"There's different buckets," Poles said when asked where he stood on Mooney. "There's guys that are going to have to go test the market and see what's out there and maybe circle back."
The Bears signed Ngakoue in training camp to a one-year deal worth $10.5 million in hopes of bolstering their pass rush, but those improvements didn't come along until Ngakoue had Montez Sweat rushing opposite him at defensive end. The Bears acquired Sweat from the Washington Commanders in a trade-deadline move on Oct. 31 and quickly made him the fifth-highest-paid pass-rusher with a four-year, $98 million contract. Sweat led the Bears with six sacks.
Ngakoue, who finished the season on injured reserve after breaking an ankle on Dec. 10, had four sacks in 13 games.
With an easier path toward finding an upgrade on the interior of the D-line via free agency, the Bears could choose to find Ngakoue's replacement with the ninth overall pick.
If the Bears want to upgrade their 3-technique position, they'll have their chance to do so next month when theKansas City Chiefs' Chris Jones,Baltimore Ravens' Justin Madubuike andMiami Dolphins' Christian Watkins are set to hit free agency.
While the Bears used 2023 to develop rookies Gervon Dexter Sr. and Zaach Pickens, Jones once again held down his starting role at defensive tackle. In two seasons after becoming one of Poles' first free agent signings, Jones totaled 7.5 sacks, 101 tackles (22 TFL) and 24 quarterback hits.
Patrick was in line to serve as a backup before a preseason injury to Teven Jenkins forced the Bears to shuffle the center back in as a starter.
The 30-year-old gave Chicago flexibility at multiple spots on the interior of the offensive line over two seasons, but inconsistent play at center when the Bears might be starting a rookie quarterback in 2024 could warrant an upgrade.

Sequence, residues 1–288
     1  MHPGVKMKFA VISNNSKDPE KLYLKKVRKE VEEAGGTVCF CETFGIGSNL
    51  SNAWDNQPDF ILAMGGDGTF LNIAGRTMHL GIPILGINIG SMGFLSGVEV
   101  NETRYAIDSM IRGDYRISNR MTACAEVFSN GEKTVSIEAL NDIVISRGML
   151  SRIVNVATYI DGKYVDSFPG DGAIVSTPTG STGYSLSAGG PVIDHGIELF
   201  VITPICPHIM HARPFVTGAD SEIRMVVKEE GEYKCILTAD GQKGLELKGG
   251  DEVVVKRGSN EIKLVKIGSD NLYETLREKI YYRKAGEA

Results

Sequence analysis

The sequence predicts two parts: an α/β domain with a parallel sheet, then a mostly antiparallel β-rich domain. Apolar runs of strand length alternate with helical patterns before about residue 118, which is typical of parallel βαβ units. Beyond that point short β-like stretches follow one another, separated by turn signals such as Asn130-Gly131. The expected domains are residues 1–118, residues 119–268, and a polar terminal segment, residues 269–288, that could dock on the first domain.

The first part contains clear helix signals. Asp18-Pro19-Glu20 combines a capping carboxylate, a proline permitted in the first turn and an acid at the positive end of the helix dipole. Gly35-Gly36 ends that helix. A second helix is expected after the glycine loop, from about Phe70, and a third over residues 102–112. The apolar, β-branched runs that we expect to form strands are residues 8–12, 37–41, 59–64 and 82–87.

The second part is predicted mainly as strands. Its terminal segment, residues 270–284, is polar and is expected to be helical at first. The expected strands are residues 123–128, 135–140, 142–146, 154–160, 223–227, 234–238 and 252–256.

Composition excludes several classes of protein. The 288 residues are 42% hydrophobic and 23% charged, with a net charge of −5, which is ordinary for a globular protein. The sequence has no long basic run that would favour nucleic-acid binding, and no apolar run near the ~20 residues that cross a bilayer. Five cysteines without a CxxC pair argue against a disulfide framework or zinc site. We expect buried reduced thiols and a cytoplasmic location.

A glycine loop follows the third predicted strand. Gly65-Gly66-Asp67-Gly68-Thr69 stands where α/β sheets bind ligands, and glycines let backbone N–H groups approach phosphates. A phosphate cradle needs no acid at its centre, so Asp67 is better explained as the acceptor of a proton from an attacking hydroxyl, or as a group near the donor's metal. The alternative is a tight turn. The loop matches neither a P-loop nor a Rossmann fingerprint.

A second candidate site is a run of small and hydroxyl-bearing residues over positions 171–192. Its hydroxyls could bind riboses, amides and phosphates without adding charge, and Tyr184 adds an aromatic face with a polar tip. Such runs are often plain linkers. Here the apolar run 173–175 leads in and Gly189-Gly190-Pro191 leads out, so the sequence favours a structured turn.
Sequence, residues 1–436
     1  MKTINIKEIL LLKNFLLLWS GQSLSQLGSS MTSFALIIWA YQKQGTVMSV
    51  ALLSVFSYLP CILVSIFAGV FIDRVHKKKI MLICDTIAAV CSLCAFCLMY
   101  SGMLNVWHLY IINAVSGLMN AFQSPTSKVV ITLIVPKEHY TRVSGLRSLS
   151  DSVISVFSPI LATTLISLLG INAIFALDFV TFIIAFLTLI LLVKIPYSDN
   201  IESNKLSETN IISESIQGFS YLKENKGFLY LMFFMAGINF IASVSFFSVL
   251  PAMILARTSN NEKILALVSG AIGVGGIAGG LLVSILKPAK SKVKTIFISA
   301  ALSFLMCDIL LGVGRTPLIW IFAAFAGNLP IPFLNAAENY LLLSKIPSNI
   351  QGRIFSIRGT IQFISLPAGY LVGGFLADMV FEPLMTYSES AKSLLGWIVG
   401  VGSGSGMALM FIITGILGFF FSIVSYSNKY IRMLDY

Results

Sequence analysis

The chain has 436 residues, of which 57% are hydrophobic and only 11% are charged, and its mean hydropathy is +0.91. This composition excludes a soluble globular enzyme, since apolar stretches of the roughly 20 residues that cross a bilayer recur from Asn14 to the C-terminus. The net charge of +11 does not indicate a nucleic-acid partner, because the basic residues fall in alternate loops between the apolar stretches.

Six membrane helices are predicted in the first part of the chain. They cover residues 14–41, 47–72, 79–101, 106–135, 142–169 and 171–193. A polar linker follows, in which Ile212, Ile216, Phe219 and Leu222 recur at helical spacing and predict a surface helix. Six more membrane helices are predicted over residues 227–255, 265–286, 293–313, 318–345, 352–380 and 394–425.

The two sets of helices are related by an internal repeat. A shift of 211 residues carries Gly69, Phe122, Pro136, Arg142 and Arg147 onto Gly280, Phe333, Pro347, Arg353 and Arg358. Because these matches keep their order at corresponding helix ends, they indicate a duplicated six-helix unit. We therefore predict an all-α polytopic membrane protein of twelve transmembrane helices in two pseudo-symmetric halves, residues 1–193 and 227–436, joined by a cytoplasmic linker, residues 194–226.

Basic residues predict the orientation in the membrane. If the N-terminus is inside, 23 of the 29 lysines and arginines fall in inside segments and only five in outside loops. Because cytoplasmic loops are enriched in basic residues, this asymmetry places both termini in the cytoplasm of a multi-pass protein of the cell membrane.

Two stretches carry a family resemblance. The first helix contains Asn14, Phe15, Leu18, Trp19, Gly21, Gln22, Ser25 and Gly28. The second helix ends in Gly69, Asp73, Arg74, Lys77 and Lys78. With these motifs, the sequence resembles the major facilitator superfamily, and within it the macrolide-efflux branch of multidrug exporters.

Finding a veteran center won't break the bank. After signing former Tennessee Titans right guard Nate Davis last offseason, the Bears could pair him with his old teammate in Aaron Brewer. Considering Chicago just hired Jason Houghtaling from the Titans as their new assistant offensive line coach, the dots are connecting nicely.
The veteran safety has started 100 games over seven seasons in Chicago. His presence was vital in developing a young secondary over the past two seasons, but injuries have shortened each of his past three seasons, and his contract makes Jackson a viable cut for the Bears.
His $18.1 million cap charge is the third highest on the Bears' roster for 2024 and comes with $12.6 million in savings ($5.6 million in dead money) if he is released.
Whitehair has been with the Bears since 2016 and started 23 of 29 games since 2022. He was moved to center last offseason, but an injury to Jenkins made Whitehair shift to left guard for the first five games.
Once he moved back to center in Week 6, Whitehair was benched after several errant snaps. The 31-year-old is set to enter the final year of his contract, which comes with a $13.3 million cap hit ($9.1 million in savings).